Seated Dumbbell Shoulder Press

The seated dumbbell shoulder press is another great option. I’m all for dumbbells whenever it’s appropriate because of the freedom you have in the range of motion. With a barbell, your arms are fixed in place, but this is not the case when pressing dumbbells. This makes presses with dumbbells easier on the joints.

Single Joint Exercises

When most think of lateral deltoid exercises, they think of the classic exercise: lateral raises. Lateral raises are a single joint exercises and are very important in building rounded and wide shoulders! I would definitely give this exercise credit for my shoulder development as well. These have been a staple in my routine for years and it has definitely made a difference (I’m the featured image at the top)!

Lateral Raises

Lateral raises are commonly done with dumbbells although variations can be done with cables or resistance bands. We’re going to look at the classic variation with dumbbells.


The only difference I recommend between my form and the form for those reading this article is to keep it stricter and avoid momentum. Because of my strength level, some momentum snuck in. This is only ok once you have mastered the basics!!

Choosing the Proper Weight: To do lateral raises, you’ll want to choose a lightweight. For most I would recommend a weight of eight to twelve pounds. Lightweight will help you to learn the movement and ensure that you are feeling it in the right spot. Often with improper form and too heavy of a weight, the upper trap takes the bulk of the work.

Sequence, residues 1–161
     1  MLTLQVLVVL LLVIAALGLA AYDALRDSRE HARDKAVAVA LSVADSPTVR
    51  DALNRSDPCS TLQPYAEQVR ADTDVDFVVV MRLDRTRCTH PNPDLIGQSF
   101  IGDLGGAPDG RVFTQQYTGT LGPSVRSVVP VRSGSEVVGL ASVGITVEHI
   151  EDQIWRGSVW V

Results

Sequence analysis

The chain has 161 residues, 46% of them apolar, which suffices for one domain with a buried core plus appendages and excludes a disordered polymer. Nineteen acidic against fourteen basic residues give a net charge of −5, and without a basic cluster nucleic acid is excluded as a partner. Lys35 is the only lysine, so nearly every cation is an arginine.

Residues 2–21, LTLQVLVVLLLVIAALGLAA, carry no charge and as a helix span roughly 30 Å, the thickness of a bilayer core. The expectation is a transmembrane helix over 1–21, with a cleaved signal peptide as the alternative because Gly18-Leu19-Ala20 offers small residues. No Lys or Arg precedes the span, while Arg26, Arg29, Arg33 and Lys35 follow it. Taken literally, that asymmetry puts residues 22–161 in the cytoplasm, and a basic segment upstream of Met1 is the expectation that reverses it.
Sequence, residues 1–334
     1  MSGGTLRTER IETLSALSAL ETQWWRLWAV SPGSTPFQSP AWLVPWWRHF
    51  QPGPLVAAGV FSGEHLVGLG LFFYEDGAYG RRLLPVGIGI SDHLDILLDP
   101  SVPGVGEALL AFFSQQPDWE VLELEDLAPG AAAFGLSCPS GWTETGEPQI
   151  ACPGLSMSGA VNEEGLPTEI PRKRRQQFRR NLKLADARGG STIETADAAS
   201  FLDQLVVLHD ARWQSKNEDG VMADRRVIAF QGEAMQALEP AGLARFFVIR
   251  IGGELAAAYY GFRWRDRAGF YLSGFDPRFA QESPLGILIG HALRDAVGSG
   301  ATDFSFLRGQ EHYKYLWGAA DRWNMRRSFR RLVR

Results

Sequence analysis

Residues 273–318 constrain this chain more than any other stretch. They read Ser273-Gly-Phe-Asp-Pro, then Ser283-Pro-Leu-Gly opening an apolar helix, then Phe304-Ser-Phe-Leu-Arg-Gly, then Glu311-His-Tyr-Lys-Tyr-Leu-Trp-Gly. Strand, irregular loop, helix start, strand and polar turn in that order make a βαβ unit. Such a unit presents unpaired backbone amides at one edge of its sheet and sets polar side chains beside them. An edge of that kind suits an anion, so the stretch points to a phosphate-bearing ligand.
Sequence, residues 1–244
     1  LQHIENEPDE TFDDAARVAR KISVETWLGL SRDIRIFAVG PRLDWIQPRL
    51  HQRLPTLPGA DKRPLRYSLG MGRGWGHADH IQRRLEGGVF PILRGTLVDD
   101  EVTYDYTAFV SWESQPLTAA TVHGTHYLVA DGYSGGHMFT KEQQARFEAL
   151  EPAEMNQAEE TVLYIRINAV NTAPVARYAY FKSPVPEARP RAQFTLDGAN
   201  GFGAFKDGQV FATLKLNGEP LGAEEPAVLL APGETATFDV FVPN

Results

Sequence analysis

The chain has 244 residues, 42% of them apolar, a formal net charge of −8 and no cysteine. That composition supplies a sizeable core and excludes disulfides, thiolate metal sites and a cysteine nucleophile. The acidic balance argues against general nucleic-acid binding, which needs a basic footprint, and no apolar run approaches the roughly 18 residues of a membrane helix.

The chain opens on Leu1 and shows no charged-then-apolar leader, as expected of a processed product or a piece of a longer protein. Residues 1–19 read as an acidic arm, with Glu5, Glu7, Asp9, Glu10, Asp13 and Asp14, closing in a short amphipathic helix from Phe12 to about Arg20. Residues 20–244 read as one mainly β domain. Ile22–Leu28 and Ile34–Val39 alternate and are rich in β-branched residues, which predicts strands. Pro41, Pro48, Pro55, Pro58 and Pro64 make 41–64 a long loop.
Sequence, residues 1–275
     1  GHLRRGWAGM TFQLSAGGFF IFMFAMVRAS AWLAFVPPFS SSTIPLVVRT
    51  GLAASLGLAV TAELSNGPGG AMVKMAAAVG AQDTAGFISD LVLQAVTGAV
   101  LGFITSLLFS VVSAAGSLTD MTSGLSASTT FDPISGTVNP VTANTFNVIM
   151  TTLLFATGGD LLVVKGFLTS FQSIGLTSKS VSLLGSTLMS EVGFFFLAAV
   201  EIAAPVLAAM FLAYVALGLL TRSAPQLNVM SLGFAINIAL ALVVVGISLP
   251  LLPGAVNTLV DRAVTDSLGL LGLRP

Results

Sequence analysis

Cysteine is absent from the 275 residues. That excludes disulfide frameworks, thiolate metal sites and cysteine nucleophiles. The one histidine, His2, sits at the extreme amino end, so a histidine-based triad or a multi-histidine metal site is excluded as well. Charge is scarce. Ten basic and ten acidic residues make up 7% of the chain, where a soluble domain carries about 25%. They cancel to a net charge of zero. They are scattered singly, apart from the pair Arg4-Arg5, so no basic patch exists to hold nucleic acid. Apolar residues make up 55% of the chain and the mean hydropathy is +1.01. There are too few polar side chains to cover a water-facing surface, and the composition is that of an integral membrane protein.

Body Positioning: With the proper weight, I always recommend that the trainee assumes a slight forward lean. This allows for easier movement at the shoulder joint to avoid impingement; plus most of the people I’ve taught this exercise to think this feels better.

Arm Positioning: Now that your positioning is correct, initiate the raise by scooping down and away. This will shift the focus from the upper traps and send the emphasis to the side delts. When raising the arms, you’ll want to have a slight bend in the arm. This will allow you to lift more weight by shortening the moment arm. It will also put less torque on the shoulder joint.

In addition to the slight bend in the elbow, you’ll want the elbow to lead the movement and have the back of the hands face the sky.

Range of Motion: Lastly, you need to make sure that your range of motion is correct. If we look back at the anatomy section at the top of the article, the lateral deltoid doesn’t originate at the same anatomical location as the upper traps. Therefore, we don’t need to raise ALL the way up to fully work the side delts. Your range of motion will end once the elbow is inline with the shoulder.

Side Delt Training Notes

  • Incorporate both compound shoulder exercises and single joint exercises. Typically compound exercises will come first.
  • Stick with a higher rep range on lateral raises, I wouldn’t recommend anything below eight reps.
  • Be consistent. Wide shoulders take time to develop, but are essential to take your physique to the next level!

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About Brennen Elboeck

I'm Brennen, the founder of I want to give hundreds of thousands of people science based, practical physique and life transforming information! To never miss a post or what's new make sure to sign up for our newsletter above!